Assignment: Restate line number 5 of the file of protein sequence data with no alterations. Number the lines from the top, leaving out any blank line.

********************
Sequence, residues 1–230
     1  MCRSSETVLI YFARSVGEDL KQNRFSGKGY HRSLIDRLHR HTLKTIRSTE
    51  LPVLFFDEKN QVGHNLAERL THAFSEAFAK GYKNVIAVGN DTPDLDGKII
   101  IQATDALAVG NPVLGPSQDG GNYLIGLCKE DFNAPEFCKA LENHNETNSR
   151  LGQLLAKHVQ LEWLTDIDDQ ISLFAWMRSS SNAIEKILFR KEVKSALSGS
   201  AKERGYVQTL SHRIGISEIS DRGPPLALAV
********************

   151  LGQLLAKHVQ LEWLTDIDDQ ISLFAWMRSS SNAIEKILFR KEVKSALSGS